For every critically acclaimed box office juggernaut Marvel Studios has released, there have been just as many widely panned superhero flops.
Some of them were victims of misguided expectations, some were ruined by heavy studio interference, but one movie that checks both of these boxes is Josh Trank's FANT4ASTIC, also known as 2015’s Fantastic Four.
After the disappointment of Rise of the Silver Surfer, Josh Trank (fresh off the found-footage sci-fi thriller Chronicle) was tasked with rebooting the superhero franchise. As we all know, it resulted in a colossal failure, losing upwards of $100 million for 20th Century Fox. But while the disagreements between the studio and Trank are well-documented, there are still a few things not everyone knows about the film.
So, as part of Inverse’s celebration of all things superhero, we stepped into the Quantum Gate, and traveled all the way to Planet Zero to find six things you probably didn't know about Fantastic Four.
Josh Trank Wanted More Horror In The Film
In early interviews, Josh Trank talked about his biggest influences for Fantastic Four. Before New Mutants was sold as the first X-Men horror movie, Trank wanted to turn Marvel's best-known family into a scary story, one that would have been heavily influenced by the films of David Cronenberg.
In an interview with Collider, Trank described his darker take on the characters and how he "always viewed the Fantastic Four and the kind of weirdness that happens to these characters and how they’re transformed to really fall in line more with a Cronenberg-ian science fiction tale of something horrible happening to your body and [it] transforming out of control." Though there are still some hints of that in the film, it would have been interesting to see Trank dive fully into his Cronenberg inspirations and how that would have fit into the larger Marvel universe (or at least the part Fox owned at the time).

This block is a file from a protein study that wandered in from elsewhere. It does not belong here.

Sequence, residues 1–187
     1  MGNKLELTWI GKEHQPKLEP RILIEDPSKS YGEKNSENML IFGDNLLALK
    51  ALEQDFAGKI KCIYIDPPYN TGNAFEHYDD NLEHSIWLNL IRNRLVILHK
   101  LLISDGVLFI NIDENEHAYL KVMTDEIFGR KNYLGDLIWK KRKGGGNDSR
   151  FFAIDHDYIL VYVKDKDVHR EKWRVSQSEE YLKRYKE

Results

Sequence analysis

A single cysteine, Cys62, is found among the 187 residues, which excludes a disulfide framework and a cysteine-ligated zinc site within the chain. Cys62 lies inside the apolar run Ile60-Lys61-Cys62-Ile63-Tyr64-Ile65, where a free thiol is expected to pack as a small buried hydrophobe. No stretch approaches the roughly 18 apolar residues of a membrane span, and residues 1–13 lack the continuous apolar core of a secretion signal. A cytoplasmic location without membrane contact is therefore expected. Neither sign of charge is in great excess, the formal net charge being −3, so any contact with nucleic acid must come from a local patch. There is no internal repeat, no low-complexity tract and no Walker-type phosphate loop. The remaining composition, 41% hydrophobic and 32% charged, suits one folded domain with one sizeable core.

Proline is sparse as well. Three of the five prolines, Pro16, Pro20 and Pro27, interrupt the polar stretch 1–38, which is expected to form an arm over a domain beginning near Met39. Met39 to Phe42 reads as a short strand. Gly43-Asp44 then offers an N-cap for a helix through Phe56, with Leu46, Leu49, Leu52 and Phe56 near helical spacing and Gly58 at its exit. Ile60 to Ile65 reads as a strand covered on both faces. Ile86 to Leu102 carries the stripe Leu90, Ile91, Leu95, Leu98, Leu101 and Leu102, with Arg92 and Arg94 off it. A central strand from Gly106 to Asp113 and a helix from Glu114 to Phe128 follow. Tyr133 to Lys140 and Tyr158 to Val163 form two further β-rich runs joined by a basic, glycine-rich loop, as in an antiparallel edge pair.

The Original Script Was More Cosmic
After Guardians of the Galaxy became a huge hit, it was widely reported that Marvel was starting to build up the cosmic side of its universe. Though Rise of the Silver Surfer tried to do something similar, it merely hinted at the Fantastic Four's intergalactic enemies, but if Trank had stuck with the original script for his film, we could have seen even more of the otherworldly side of the Fantastic Four.
Jeremy Slater's original script for the film still had the team visit another dimension to their powers, but this time they would have fought Annihilus, one of the most powerful beings in the Marvel universe. In the script, Annihilus would die at the hands of Victor Doom, who was then going to declare war on the world before becoming the dictator of Latveria. Oh, and Mole Man was supposed to appear too. As if that wasn't enough, the post-credits teaser was going to feature "Galactus and the Silver Surfer destroying an entire planet." Sadly, Slater himself admitted his vision for the film would have been too expensive.
Trank Slept With A Gun On His Nightstand During Production
One of the boldest decisions Josh Trank made while making Fantastic Four was casting Michael B. Jordan as Johnny Storm, which immediately and unsurprisingly spawned controversy among a contingent of angry white fans. Trank wanted the film to reflect the demographics of the real world, rather than the fictional story invented in 1961.